Saturday , 15 June 2024

Dr. Copper Stripped Of Its Honorific Degree For Forecasting the Economy – Here’s Why

How much is the market really concerned about a slowing global economy? That question has in the past been posed to Dr. Copper, the red metal afforded the honorific for its supposed Ph.D. in predicting global economic health. However, the title now has been stripped, according to Bank of America’s commodity research team.

So says Jamie Chisholm who goes on to say:

“As a cyclical asset, copper demand has always been closely correlated with global GDP growth, but that sensitivity has been declining,” says the Bank of America team. “This reduced beta to GDP has already provided support to copper prices at around $8,500/t ($3.86/lb) in recent quarters and limited downside price pressures on the red metal in the midst of an industrial recession, a rare occurrence,” they add.

As the chart above show, copper’s price is above its average of the last 15 years despite current concerns about a slowing Chinese economy impacting broader global demand. This decline in copper’s beta, or volatility, in relation to the global economy is due to a confluence of factors, says Bank of America.

  • Global economic growth has been weaker in the past decade relative to the run-up to the crisis of 2007/8 and this has impacted stocking cycles.
  • Furthermore, Beijing has shifted an emphasis on mainly construction led growth to what Bank of America terms “higher-quality, healthier expansion”, where the property sector’s demand for copper has eased and a desire to decarbonize the economy sees copper demand picked up by the auto and energy transmission sectors and it is this shift towards structural growth that is most significant. “As the global economy is accelerating the move towards net zero, and developed markets are also ramping up their efforts to tackle climate change, there is a high likelihood that copper demand will remain less cyclical. Going forward, Dr. Green may be a better name for the red metal than Dr. Copper!,” says Bank of America.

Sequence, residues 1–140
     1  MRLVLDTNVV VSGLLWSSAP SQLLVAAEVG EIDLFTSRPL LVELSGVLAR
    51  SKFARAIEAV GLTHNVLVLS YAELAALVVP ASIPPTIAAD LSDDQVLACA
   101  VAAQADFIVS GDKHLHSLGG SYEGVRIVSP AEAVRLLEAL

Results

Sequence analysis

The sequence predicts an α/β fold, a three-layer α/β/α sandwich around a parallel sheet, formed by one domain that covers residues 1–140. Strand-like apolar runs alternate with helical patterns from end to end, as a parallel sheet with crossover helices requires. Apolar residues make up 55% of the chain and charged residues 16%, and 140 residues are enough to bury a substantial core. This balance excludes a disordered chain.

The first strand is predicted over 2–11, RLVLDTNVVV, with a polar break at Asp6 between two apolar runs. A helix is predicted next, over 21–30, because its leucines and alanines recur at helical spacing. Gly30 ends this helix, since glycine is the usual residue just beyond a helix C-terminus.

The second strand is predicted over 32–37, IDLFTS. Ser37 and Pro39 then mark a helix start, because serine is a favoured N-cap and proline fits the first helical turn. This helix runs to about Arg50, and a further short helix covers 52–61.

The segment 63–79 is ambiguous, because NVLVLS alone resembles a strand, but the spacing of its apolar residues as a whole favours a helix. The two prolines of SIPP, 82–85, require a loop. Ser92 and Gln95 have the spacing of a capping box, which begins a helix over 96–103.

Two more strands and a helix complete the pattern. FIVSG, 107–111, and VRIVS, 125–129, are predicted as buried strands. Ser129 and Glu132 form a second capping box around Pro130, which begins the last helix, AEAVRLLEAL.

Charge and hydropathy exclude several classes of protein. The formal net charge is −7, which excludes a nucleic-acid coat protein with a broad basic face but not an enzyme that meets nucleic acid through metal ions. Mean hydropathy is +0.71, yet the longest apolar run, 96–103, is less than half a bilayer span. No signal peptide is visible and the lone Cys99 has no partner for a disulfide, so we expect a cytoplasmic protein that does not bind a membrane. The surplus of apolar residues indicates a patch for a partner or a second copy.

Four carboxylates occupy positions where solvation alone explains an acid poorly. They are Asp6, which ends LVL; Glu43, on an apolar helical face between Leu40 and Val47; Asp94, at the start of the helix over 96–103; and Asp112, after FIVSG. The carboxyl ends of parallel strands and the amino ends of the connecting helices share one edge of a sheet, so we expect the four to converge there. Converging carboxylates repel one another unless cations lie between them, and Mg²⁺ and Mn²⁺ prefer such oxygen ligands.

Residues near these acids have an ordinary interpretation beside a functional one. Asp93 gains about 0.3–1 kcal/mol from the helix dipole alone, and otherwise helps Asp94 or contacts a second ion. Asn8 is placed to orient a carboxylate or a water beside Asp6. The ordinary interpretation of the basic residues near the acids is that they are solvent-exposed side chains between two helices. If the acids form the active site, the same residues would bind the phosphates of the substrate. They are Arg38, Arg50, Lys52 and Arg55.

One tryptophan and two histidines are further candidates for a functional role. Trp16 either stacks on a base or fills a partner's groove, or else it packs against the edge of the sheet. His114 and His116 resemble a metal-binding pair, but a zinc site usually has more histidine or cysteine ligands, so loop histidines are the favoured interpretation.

Does all this mean we can’t attach the same importance to the copper/gold ratio, a gauge that tends to decline as various worries boost the gold price but suppress copper’s? Jeffrey Gundlach, the chief executive of DoubleLine Capital and the so-called bond king, is known for placing great importance on the ratio for copper to gold as a way of benchmarking Treasury prices. Equity bulls may hope so, given that Russ Mould, AJ Bell investment director, is wary of the signal the ratio is broadcasting, should the traditional correlations apply.

“The copper/gold ratio is still 50% above its January 1980 all-time low, so more progress from gold could signal trouble ahead. Someone is going to be wrong and if the equity markets have it right then copper should start to outperform gold pretty smartly, even if it is not doing so right now,” says Mould.

Source: AJ Bell